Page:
Baltimore Gets $700 Million Blight-Fighting Plan

Thousands of rowhouses will be demolished.

A man passes blighted rowhouses and vacant lots in Baltimore. (AP Photo/Patrick Semansky)

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Maryland Gov. Larry Hogan unveiled nearly $700 million in investments for Baltimore Tuesday, aimed at fighting blight by tearing down thousands of abandoned buildings and fostering new development.

Hogan joined Mayor Stephanie Rawlings-Blake to introduce the plan, dubbed Project C.O.R.E., and pledge $94 million over four years for the demolition, the Baltimore Sun reported. $75 million will come from the state, and $19 million from the city. Hogan also pledged $600 million in subsidies to encourage new development.

The money will allow a fourfold increase in demolition of vacant city properties, which will then be turned into parks and green spaces and offered to developers. City officials estimate 20 blocks will be demolished this year, overseen by the Maryland Stadium Authority.

Baltimore’s 622,000 residents live among about 16,000 vacant buildings and 14,000 vacant lots, according to city estimates. The vacant properties drag down property values and generate feelings of hopelessness in many of Baltimore’s poorest neighborhoods.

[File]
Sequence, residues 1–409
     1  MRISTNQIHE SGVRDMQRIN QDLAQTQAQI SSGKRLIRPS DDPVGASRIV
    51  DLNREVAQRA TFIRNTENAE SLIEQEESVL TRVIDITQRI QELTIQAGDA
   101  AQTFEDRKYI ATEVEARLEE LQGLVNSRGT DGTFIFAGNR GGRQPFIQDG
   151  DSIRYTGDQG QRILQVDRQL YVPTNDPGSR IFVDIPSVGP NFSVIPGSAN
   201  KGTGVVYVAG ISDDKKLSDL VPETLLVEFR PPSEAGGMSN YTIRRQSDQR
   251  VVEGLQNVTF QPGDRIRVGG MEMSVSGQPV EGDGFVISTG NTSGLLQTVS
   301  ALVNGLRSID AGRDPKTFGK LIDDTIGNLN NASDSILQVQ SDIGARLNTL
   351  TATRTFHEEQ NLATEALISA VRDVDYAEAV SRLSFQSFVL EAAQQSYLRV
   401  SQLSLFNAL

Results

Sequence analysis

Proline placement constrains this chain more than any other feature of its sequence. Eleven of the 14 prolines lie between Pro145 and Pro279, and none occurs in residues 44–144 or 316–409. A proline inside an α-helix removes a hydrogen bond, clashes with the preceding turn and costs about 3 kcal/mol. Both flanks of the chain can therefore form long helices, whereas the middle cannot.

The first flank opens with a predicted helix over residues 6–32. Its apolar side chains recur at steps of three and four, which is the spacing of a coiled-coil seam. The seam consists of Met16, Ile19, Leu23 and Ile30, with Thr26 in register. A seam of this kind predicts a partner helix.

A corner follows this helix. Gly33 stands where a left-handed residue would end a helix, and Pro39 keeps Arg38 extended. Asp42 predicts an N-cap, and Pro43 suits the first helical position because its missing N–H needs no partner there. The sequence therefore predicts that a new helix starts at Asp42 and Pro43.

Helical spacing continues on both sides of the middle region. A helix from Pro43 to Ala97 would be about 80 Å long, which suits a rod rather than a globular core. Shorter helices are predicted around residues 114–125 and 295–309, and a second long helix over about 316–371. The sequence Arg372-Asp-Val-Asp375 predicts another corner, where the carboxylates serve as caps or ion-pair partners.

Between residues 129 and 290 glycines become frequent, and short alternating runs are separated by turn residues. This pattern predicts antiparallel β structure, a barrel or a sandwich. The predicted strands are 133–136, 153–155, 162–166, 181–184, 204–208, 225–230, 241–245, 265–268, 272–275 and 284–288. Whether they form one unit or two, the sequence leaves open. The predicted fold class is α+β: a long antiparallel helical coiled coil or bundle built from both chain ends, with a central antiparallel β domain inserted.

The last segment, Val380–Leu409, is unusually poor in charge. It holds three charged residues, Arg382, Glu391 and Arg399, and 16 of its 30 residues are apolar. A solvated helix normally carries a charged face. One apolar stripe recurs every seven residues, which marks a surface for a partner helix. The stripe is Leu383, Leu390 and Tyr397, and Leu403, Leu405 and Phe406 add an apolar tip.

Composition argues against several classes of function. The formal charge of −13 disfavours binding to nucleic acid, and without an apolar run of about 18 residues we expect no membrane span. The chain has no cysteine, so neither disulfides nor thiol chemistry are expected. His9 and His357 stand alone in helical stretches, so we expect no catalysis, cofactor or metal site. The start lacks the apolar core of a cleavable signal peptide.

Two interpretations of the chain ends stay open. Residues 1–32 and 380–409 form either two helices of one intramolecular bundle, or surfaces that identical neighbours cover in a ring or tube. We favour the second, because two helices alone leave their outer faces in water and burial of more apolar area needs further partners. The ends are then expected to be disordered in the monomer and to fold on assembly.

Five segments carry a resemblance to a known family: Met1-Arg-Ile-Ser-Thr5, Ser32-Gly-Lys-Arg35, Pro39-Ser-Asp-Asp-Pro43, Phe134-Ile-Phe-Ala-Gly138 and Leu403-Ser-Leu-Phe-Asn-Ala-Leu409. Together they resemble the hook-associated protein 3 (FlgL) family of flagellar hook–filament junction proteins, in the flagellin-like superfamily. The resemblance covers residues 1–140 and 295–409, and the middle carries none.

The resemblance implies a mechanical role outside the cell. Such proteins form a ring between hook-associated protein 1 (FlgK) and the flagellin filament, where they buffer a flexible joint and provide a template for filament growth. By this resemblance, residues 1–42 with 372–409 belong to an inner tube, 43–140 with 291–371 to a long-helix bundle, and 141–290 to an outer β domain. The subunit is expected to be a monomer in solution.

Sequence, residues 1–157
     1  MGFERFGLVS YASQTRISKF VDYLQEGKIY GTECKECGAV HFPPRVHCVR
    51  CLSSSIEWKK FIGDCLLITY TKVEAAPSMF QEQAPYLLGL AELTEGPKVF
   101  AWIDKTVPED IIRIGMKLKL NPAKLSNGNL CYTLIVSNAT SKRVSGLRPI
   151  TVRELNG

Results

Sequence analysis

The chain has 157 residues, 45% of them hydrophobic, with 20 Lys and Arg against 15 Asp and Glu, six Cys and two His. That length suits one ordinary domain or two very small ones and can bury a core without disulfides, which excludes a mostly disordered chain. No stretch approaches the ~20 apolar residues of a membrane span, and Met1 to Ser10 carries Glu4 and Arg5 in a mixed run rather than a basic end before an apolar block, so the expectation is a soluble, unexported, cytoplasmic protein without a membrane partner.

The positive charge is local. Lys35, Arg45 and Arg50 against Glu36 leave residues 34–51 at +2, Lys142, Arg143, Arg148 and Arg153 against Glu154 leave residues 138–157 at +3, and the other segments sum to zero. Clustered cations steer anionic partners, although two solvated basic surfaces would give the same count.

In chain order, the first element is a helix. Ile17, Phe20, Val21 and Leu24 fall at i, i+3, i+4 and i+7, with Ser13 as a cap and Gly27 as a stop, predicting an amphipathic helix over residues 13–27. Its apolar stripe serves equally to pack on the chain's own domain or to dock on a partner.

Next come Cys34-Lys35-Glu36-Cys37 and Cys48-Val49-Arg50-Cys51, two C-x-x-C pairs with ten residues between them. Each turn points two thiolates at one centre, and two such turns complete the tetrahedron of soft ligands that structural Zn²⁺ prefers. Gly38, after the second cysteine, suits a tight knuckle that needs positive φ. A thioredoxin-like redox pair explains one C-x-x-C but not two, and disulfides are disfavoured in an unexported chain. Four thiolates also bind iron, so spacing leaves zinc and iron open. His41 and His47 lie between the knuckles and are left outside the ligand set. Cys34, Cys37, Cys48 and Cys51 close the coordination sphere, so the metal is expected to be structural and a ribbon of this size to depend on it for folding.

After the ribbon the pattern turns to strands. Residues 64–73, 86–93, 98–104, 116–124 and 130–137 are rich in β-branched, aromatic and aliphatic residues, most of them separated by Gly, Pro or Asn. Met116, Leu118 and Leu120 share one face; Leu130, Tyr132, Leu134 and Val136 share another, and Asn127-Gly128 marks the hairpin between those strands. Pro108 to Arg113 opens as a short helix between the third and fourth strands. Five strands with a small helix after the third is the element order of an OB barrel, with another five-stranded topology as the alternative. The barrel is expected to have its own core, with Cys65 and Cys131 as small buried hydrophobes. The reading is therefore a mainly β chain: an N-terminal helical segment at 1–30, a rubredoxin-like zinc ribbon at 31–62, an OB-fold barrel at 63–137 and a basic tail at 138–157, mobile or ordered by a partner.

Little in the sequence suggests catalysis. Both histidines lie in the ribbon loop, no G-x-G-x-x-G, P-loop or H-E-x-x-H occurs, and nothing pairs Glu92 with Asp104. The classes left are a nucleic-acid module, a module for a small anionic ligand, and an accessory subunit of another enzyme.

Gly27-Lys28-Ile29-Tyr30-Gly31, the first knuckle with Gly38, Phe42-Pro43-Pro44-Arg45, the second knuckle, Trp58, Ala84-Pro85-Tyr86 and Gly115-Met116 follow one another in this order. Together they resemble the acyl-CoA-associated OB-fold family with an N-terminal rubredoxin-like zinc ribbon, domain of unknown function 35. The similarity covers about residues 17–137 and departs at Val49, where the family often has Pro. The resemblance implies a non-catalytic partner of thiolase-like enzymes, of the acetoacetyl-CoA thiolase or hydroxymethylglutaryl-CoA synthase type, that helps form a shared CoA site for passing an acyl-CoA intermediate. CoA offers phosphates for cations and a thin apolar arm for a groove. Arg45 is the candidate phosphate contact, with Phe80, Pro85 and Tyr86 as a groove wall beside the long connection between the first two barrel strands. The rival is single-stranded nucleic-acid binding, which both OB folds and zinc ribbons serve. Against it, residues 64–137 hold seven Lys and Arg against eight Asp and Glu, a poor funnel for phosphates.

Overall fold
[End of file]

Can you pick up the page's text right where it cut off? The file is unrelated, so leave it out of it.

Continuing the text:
At the news conference to announce the project, Hogan said Baltimore is the “core” of Maryland. “As I walked the streets of this city, people were repeatedly calling out and begging us to help do something about the blight that is all around them,” Hogan said. “We have heard your calls for action … I’m a guy on a mission who wants to get things done.”

While most were supportive of the project, Ray Kelly, a community builder with the No Boundaries Coalition in Sandtown-Winchester, told the Sun that while he’s optimistic, he has concerns. Razing blight-stricken blocks could scatter drug dealers into surrounding neighborhood streets, he said. He also said the plan could turn into “just another gentrification initiative.” “Is there a program or a plan in place for the people who have lived in the community, and struggled through the blight, so that they can afford these new properties?”

Baltimore is no stranger to blight-fighting initiatives. Many programs have been launched in the city in recent years, ranging from aid packages for real estate investors and incentives for rehabbing homes, to tapping into local knowledge of community members to identify absent owners.

The news conference was held in Sandtown-Winchester, the neighborhood where Freddie Gray lived and was arrested. Gray’s death last April sparked public protests, and drew national attention to conditions in the city’s poorest neighborhoods. Project C.O.R.E. demolition began in that same neighborhood just minutes after the news conference ended.

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Kelsey E. Thomas is a writer and editor based in the most upper-left corner of the country. She writes about urban policy, equitable development and the outdoors (but also about nearly everything else) with a focus on solutions-oriented journalism. She is a former associate editor and current contributing editor at Next City.

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Tags: real estateblightbaltimore

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